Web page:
One of the government’s proposals for these negotiations is to create three “discussion forums” addressing issues of (1) employee health and wellness, (2) academic success (a forum from which cegep teachers were excluded), and (3) accessibility of long-term care at home.
Crucially, while these forums are in session, collective agreement negotiations would be suspended. This effectively creates a parallel, less transparent process during our negotiation period.
The CSN, with the majority of the other centrals, has opted to boycott these forums, not only because they effectively circumvent, disempower and delay our legislated negotiation process, but also because we already have proposed solutions to the problems that the forums are supposed to tackle: they are in our bargaining demands, which the CSN gave to the government on Oct. 30th.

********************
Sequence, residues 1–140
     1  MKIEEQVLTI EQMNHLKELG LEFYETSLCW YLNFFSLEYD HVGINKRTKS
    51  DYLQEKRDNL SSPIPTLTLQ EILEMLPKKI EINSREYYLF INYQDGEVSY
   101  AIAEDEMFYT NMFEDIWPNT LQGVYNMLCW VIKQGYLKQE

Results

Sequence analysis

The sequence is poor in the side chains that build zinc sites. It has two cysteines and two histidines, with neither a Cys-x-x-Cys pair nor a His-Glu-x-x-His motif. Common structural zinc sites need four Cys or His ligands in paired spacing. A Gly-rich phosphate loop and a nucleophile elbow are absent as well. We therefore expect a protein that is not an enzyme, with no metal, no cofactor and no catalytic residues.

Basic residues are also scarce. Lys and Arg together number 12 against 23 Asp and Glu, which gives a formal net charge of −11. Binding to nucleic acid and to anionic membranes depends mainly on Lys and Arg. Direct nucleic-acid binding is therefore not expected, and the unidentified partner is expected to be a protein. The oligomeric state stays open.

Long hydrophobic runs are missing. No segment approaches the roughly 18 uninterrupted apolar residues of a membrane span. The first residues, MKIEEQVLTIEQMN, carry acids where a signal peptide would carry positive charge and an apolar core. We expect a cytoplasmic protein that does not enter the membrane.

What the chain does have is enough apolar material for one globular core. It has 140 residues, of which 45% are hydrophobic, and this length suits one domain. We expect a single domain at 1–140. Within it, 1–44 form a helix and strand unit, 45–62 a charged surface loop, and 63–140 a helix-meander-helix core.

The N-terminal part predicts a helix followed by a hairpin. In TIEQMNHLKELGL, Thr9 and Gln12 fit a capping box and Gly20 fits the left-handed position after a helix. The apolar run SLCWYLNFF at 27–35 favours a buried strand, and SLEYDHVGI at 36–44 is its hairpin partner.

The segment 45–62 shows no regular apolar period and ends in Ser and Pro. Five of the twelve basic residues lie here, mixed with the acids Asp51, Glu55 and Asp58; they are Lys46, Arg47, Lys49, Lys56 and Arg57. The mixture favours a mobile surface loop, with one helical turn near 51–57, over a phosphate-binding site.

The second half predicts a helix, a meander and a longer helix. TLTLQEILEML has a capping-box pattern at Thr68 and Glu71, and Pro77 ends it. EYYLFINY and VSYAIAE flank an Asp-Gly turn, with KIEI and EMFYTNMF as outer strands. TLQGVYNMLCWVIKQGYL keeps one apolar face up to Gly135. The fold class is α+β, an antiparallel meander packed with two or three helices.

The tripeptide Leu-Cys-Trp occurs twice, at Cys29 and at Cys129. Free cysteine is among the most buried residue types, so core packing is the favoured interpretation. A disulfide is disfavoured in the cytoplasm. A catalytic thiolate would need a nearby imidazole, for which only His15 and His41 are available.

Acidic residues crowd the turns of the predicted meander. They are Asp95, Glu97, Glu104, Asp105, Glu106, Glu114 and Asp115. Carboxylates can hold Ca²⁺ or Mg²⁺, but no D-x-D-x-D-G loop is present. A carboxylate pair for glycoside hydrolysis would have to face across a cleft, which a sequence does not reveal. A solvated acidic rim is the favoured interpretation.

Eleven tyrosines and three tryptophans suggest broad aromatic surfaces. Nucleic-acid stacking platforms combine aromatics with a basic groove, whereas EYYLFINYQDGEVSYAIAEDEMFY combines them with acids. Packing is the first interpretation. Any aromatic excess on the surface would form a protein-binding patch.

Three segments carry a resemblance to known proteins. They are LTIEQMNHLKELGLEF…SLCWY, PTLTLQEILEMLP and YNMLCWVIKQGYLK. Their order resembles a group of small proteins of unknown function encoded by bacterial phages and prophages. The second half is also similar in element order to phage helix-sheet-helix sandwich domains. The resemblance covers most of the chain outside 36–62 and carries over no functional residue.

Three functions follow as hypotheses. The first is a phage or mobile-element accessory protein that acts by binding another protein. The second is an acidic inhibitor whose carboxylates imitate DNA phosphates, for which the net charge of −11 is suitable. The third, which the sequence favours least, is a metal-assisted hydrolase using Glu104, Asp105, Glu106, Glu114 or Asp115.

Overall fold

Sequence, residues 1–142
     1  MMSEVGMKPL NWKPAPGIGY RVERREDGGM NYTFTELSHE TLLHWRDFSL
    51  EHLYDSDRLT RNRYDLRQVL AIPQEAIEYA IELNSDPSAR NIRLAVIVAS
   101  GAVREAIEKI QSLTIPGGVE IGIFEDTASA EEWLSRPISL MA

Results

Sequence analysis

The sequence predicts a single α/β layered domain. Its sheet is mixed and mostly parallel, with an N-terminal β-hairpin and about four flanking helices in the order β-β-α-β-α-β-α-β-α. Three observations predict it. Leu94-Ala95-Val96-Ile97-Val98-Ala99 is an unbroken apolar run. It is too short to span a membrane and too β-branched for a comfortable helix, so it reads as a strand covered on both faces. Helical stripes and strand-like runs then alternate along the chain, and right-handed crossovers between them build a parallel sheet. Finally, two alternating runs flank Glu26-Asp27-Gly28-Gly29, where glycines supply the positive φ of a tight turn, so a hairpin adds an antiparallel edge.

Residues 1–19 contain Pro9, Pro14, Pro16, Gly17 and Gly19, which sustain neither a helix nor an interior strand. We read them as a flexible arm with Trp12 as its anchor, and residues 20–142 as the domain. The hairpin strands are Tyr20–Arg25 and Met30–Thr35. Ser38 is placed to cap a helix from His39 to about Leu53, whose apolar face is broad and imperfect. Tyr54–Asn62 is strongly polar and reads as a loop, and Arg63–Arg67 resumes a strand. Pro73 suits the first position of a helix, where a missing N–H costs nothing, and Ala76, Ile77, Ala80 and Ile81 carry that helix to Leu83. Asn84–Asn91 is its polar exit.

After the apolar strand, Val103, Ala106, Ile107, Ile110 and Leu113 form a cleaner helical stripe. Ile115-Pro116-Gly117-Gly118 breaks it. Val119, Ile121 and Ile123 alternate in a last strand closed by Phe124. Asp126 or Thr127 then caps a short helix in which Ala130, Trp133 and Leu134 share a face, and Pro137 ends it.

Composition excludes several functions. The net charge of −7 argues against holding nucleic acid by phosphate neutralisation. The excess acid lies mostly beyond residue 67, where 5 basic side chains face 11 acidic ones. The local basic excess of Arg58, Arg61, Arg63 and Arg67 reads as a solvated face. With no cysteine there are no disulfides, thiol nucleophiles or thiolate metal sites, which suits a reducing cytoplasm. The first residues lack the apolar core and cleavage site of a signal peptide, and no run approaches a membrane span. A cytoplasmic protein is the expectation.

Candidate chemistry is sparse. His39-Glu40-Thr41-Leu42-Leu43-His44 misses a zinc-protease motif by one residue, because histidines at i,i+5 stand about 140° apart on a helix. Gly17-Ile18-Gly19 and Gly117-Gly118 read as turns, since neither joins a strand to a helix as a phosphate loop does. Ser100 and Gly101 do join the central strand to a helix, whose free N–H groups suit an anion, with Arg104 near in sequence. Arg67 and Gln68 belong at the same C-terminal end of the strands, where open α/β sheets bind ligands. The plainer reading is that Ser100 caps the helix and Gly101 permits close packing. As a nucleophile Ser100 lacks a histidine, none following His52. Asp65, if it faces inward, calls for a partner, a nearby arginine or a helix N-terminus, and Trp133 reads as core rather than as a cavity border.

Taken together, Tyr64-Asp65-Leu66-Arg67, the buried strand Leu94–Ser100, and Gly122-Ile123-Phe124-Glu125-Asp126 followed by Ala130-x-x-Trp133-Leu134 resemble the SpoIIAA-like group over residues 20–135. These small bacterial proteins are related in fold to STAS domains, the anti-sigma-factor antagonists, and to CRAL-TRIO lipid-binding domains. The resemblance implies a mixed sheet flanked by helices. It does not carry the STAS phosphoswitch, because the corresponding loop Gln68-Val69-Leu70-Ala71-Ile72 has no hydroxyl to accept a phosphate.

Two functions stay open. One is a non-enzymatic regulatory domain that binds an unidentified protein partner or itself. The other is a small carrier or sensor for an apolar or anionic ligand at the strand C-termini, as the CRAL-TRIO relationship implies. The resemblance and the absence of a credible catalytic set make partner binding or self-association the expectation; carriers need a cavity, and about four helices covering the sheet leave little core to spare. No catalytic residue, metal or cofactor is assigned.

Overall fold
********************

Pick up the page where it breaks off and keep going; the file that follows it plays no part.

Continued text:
The CSN maintains that the only appropriate place to negotiate solutions to the structural problems in our public services is at the negotiation table.
A concern about the push to create new CECs
There is a topic in the government’s offer that raises significant concerns and which we would like to bring to the attention of DTU members: the establishment of Centres d’études collégiales (CECs), which are in effect extensions of existing cegeps to a new campus, sometimes very far from the main campus.
The official purpose for creating CECs is to make post-secondary education more accessible in remote and rural areas, which is supposedly the reason why new CECs are allowed greater flexibility in hiring. However, in practice many CECs compete with existing CEGEPs in those same areas, which are struggling with decreasing student numbers and small cohorts. Furthermore, disciplines have seen their priority lists divided, a separate one for each campus. Moreover, the creation of CECs has the potential to create difficulty for teachers who may be asked to teach at both campuses. This topic will certainly be a point of contention between the unions and the government which is asking for more “flexibility”.